Men's Health

More Eye Injuries Seen with Robotic Prostate Surgery

More than 240,000 men will be diagnosed with prostate cancer this year. Newer treatment options are improving care. But they have risks, too. A recent study found that men who have a type of surgery called robotic-assisted radical prostatectomy may have a higher risk for eye injuries.

Photo of doctor looking at a mans eyes

Robotic surgery widely used

Robotic-assisted radical prostatectomy is the complete removal of the prostate with the help of a robot. Doctors have been using this procedure for nearly a decade. In 2008, it was used in 50 to 80 percent of prostate cancer surgeries.

More doctors are recommending this treatment option. It provides a number of benefits for patients. Men who choose this type of surgery tend to have shorter hospital stays and a lower risk for infection. They also usually don't need as much pain medication afterward.

During the procedure, patients lie on a table, with their head lower than the rest of their body. While in that position, they are prone to face swelling, arm injuries, and eye damage. The most common eye injury is a corneal abrasion. That's when the surface of the eye is scratched.

A 10-fold increase

Researchers at the University of Chicago reviewed data from more than 136,000 surgeries that used a robot to remove the prostate. They found a 10-fold increase in the rate of eye injuries from 2000 to 2009. The rate rose from 0.07 percent to 0.42 percent. Possible reasons for this increase include:

  • Length of the surgery

  • The patient's position during the surgery

  • Something specifically related to the robot

Although the injury rate went up, the risk for eye injuries is still considered small.

"It is important for patients who are considering a robotic operation to discuss these concerns with their doctors to consider the risks and benefits of all options," says researcher Ajay Sampat, M.D.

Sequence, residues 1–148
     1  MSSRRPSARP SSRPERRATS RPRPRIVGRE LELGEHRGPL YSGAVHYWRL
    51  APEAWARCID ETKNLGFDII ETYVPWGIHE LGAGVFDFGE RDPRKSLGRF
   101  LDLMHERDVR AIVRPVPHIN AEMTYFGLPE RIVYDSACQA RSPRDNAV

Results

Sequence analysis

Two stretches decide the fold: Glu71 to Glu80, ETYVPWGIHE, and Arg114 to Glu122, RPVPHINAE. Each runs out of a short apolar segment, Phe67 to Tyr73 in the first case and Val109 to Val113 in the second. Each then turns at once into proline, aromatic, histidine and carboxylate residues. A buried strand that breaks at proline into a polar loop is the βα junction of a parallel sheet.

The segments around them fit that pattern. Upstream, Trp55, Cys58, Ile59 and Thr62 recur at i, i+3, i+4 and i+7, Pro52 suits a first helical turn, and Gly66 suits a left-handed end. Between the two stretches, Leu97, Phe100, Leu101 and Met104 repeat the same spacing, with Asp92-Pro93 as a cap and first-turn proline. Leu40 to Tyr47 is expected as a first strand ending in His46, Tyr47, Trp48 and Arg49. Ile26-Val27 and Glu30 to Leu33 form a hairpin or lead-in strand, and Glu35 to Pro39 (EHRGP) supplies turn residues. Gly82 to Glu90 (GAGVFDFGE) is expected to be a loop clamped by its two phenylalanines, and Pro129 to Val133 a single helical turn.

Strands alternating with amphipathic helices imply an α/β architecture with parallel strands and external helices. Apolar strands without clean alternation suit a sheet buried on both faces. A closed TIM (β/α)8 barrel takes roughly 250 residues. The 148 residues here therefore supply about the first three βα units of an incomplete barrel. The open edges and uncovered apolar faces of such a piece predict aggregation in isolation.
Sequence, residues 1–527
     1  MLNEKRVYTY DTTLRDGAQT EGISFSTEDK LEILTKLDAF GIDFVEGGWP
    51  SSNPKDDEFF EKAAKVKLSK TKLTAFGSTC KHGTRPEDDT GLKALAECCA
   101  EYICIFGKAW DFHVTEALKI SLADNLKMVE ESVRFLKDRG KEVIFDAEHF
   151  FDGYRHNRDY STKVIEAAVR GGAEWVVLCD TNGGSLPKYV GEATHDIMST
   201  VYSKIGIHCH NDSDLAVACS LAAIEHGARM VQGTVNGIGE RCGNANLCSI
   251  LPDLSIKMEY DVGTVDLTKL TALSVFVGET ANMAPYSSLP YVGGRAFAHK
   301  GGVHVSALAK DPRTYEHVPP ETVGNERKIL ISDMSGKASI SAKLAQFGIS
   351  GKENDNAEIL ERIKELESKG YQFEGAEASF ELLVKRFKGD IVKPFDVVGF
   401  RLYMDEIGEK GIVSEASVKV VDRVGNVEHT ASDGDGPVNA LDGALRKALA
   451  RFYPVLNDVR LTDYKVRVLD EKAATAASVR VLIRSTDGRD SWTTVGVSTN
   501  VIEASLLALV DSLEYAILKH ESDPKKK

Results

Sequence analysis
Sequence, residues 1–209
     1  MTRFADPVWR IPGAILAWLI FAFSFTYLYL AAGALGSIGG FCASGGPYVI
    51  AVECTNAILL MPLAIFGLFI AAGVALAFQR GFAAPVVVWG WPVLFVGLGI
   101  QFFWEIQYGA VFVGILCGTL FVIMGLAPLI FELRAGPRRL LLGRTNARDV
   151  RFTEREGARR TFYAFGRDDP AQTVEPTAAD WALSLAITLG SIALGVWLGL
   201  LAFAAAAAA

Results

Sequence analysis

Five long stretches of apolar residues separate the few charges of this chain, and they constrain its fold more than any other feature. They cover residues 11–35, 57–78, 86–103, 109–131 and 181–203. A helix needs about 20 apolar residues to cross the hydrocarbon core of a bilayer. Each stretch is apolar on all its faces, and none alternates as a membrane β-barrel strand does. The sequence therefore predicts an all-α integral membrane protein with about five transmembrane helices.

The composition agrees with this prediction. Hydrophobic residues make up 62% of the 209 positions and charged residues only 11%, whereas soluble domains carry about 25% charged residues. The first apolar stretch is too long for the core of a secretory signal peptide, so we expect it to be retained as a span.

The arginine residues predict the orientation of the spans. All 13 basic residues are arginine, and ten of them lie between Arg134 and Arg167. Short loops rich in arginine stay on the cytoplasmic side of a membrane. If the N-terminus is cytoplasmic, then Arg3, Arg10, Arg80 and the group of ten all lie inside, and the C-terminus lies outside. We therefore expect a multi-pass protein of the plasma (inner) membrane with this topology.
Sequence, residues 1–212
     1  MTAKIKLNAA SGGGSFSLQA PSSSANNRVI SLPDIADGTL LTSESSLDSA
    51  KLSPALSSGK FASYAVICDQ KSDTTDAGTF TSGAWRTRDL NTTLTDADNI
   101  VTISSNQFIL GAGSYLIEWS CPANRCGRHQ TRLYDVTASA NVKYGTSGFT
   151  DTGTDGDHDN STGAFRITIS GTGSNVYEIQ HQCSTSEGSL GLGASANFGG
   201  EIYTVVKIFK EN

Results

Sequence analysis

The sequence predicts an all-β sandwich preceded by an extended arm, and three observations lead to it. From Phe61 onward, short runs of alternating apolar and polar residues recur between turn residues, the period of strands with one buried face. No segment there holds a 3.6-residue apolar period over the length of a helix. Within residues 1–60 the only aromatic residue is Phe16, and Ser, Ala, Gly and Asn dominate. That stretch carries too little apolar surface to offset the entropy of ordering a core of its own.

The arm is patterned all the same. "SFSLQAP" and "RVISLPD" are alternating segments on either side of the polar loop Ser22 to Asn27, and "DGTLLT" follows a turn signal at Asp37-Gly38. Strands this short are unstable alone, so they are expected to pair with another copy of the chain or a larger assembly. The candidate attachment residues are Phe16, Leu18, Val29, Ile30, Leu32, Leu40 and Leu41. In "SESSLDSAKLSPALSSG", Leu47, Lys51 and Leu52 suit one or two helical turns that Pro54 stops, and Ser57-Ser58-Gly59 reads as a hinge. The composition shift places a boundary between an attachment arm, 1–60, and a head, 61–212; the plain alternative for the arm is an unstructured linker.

The study was presented at the annual meeting for the American Society of Anesthesiologists.

Always talk with your health care provider to find out more information.

Online Resources

(Our Organization is not responsible for the content of Internet sites.)

American Cancer Society - Surgery for Prostate Cancer

National Cancer Institute - Prostate Cancer Treatment Option Overview

Prostate Cancer Foundation

December 2012

Questions to Ask About Treatment

At first, the information you learn about prostate cancer treatment options may seem overwhelming. You may ease the stress by allowing yourself the time to gather as much information as possible about your disease and its treatment.

You may find it helpful to make a list of questions before seeing your doctor. Use the list below as a starting place. To make the information easier to remember, take notes or ask if you can record the conversation.

  • Do I need to be treated right away? Is active surveillance (watchful waiting) an option?

  • What treatments do you think are best for me and why?

  • What is the length of the treatment period?

  • How long will each treatment take?

  • Who is involved in giving me the treatment?

  • Does someone need to go with me during treatments?

  • How will I feel after the treatment?

  • How long will side effects last?

  • What can I do to ease the side effects?

  • Will I be able to go to work and be around my family?

  • Should I change my diet? What foods can't I eat?

  • What would my options be if the treatment doesn't work or if the cancer comes back?

  • Are there any clinical trials I should look into?

  • Are there support groups nearby that I can join?

Always talk with your health care provider to find out more information.

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